The elderly population is particularly susceptible to the effects of pharmacokinetics and pharmacodynamics factors. Age-related changes such as decreased renal and hepatic function, decreased muscle mass, and decreased blood flow can affect the metabolism and elimination of drugs. Additionally, elderly patients may have comorbidities that may further impact drug therapy, such as cardiovascular disease, diabetes, and dementia.

In the case of LM, the 89-year-old female patient with a medical history of hypertension, Alzheimer’s disease, hypothyroidism, osteoarthritis, and diabetes, several of the drugs she is taking may be affected by age-related changes in pharmacokinetics and pharmacodynamics. The patient’s renal function, as measured by eGFR, is reduced, which may impact the clearance of drugs that are primarily eliminated by the kidneys, such as furosemide. Furthermore, the patient’s decreased muscle mass may result in a reduced volume of distribution, which could affect the dosing of drugs that are highly protein-bound, such as celecoxib. The patient’s age and comorbidities may also increase the risk of drug interactions and adverse drug reactions, making it essential to closely monitor drug therapy.

Impact of pharmacokinetics and pharmacodynamics on drug therapy:

The impact of pharmacokinetics and pharmacodynamics on drug therapy is critical to consider when treating elderly patients. In the case of LM, changes in the pharmacokinetics and pharmacodynamics of her current medications may impact the efficacy and safety of her drug therapy. For example, the patient is taking furosemide, which is primarily eliminated by the kidneys. Given the patient’s reduced renal function, the clearance of furosemide may be impaired, leading to increased drug concentrations and an increased risk of toxicity. The patient is also taking glyburide, which is primarily metabolized by the liver. The patient’s reduced hepatic function may result in decreased metabolism of glyburide, leading to increased drug concentrations and an increased risk of hypoglycemia.

Improving the patient’s drug therapy plan:

Several strategies can be implemented to improve the patient’s drug therapy plan, including discontinuing medications, changing the dosage, and adding medications to the patient’s regimen.

Amlodipine:

The patient is taking amlodipine, which is a calcium channel blocker used to treat hypertension. Given the patient’s reduced renal function, the dosage of amlodipine may need to be adjusted to prevent toxicity. The recommended dose for patients with renal impairment is 2.5 mg once daily. Therefore, the patient’s amlodipine dose may need to be reduced to 2.5 mg once daily.

Donepezil:

Donepezil is a cholinesterase inhibitor used to treat Alzheimer’s disease. The patient is taking the maximum recommended dose of 10 mg daily. However, the patient’s MMSE score indicates a significant decline in cognitive function. It’s important to note that Donepezil is not a cure for Alzheimer’s disease, and while it can improve cognitive function and slow down the progression of the disease, it may not work for everyone.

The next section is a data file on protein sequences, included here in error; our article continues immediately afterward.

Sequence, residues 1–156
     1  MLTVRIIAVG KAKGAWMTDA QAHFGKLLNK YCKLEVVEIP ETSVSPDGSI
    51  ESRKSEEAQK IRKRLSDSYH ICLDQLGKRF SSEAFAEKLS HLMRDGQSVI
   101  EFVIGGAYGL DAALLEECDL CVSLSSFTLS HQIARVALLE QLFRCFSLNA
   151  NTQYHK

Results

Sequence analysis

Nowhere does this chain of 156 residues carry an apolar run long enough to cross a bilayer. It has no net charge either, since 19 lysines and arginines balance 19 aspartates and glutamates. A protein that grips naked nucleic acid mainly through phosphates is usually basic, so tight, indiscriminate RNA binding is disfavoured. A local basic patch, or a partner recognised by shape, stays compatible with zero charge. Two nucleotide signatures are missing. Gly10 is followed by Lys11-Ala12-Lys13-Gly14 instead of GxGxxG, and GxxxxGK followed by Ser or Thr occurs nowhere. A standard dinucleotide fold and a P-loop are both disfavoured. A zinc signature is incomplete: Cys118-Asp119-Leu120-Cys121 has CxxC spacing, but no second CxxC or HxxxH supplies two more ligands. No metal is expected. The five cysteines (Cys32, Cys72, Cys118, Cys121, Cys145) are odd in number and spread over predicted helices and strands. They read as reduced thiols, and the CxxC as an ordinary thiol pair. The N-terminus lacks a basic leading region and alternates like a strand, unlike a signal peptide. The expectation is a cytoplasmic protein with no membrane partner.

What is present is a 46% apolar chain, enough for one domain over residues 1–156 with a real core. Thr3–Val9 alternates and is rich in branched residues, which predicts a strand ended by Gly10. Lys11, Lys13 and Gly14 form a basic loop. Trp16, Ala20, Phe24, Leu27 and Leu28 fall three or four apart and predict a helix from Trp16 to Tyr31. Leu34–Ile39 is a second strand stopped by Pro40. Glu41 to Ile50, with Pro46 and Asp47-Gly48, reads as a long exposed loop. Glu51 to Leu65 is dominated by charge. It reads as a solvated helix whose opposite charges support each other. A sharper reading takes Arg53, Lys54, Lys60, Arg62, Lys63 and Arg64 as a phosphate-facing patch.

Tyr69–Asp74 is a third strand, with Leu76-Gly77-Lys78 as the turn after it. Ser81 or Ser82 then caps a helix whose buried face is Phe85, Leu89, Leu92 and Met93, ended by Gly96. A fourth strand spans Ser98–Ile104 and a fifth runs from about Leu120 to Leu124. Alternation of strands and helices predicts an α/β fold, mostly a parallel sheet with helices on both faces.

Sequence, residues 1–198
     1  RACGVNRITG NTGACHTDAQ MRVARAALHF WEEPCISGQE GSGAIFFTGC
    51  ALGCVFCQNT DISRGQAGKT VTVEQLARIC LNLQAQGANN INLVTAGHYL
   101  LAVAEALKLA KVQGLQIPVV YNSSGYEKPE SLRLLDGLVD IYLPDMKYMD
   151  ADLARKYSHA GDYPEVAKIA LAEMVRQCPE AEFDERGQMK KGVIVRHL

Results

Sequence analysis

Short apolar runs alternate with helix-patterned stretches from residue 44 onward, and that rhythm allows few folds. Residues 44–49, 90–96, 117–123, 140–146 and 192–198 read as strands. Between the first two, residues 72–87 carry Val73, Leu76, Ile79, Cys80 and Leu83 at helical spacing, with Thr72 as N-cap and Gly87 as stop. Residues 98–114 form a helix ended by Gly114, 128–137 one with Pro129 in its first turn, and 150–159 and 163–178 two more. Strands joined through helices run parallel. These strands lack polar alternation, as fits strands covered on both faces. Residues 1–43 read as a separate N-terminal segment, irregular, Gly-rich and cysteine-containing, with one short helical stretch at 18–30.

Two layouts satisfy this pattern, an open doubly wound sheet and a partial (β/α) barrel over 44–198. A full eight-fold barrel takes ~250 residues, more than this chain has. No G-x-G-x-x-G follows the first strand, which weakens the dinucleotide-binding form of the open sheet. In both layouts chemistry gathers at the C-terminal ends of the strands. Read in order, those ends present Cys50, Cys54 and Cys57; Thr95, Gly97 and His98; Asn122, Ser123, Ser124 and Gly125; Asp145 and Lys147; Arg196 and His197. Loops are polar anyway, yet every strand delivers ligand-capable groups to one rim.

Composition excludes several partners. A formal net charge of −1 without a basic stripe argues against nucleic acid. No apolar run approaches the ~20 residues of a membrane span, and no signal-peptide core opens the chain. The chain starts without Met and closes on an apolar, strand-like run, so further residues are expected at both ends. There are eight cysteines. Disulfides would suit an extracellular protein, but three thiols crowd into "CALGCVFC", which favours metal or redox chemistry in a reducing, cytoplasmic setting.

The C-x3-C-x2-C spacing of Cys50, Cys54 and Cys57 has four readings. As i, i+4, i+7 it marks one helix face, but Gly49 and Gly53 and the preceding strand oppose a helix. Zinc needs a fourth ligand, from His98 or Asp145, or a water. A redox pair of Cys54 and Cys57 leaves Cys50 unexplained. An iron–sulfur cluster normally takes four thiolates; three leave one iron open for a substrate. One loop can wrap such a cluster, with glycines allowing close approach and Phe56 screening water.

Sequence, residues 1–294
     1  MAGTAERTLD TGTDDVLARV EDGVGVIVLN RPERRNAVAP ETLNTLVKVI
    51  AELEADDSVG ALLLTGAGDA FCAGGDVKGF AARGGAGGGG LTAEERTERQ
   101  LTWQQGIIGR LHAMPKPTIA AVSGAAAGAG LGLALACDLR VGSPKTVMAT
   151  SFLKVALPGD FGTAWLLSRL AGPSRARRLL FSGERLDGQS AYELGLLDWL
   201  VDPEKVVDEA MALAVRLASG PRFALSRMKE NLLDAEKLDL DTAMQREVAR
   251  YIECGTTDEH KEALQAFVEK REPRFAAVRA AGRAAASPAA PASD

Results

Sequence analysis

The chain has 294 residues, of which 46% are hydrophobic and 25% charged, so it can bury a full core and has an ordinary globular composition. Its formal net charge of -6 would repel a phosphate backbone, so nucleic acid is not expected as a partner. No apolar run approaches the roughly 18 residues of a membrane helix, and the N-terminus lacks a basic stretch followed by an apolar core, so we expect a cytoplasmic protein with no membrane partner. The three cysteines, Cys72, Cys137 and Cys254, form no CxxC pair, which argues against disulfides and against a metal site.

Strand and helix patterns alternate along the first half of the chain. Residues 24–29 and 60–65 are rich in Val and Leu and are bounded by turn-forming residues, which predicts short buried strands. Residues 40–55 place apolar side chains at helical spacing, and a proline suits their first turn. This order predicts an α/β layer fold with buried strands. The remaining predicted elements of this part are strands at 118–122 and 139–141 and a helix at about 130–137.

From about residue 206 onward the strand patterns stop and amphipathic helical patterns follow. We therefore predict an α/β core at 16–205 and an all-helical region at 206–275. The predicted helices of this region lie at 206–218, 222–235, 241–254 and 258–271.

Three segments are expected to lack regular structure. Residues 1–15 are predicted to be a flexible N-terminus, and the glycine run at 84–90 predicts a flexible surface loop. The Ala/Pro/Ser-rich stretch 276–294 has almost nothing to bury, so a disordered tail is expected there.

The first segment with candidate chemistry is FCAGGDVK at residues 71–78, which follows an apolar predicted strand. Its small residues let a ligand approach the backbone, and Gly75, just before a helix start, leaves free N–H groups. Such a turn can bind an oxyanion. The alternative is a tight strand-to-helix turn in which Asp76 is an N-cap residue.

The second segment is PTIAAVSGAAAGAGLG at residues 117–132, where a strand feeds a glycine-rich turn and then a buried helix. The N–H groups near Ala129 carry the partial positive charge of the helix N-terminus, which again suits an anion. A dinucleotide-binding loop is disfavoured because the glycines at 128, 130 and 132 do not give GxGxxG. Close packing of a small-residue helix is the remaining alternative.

If the patient’s MMSE score indicates a significant decline in cognitive function despite taking the maximum recommended dose of Donepezil, it’s important to consult with a healthcare professional. The healthcare professional may consider adjusting the dose of Donepezil, or adding other medications to the treatment plan.

It’s also important to note that Alzheimer’s disease is a progressive disease, and while medications such as Donepezil can help to slow down the progression of the disease, it cannot reverse the damage that has already been done to the brain. Caregiving, therapy, and support can also play a vital role in managing the symptoms of Alzheimer’s disease and improving the quality of life for both the patient and their caregivers.

Sample Sources
Journal article:
Author, A. A., Author, B. B., & Author, C. C. (2021). Title of article. Title of Journal, volume number(issue number), page range. DOI or URL

Book:
Author, A. A. (2020). Title of book. Publisher.

Website:
Author, A. A. (2022). Title of webpage. Website Name. URL

Conference proceedings:
Author, A. A., Author, B. B., & Author, C. C. (2022). Title of paper. In Editor, A. A. (Ed.), Title of proceedings (page range). Publisher.

Dissertation/Thesis:
Author, A. A. (2021). Title of dissertation/thesis (Doctoral dissertation/Master’s thesis). Name of Institution, Location. URL or DOI (if available)

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from:
PubMed: This is a database of medical research articles maintained by the National Library of Medicine. You can search for articles on Alzheimer’s disease and donepezil specifically, and find peer-reviewed research studies.

The Alzheimer’s Association: This is a non-profit organization that funds research on Alzheimer’s disease and provides resources and support for patients and caregivers. Their website has information on the latest research and clinical trials.

The Cochrane Library: This is a database of systematic reviews of medical research studies. You can search for systematic reviews on Alzheimer’s disease and donepezil specifically to get an overview of the available evidence.

The Journal of Alzheimer’s Disease: This is a peer-reviewed medical journal that publishes research on Alzheimer’s disease and related topics. You can search their archives for articles on donepezil.

ClinicalTrials.gov: This is a database of clinical trials of medical treatments. You can search for ongoing or completed clinical trials on donepezil and Alzheimer’s disease to see what the latest research is showing.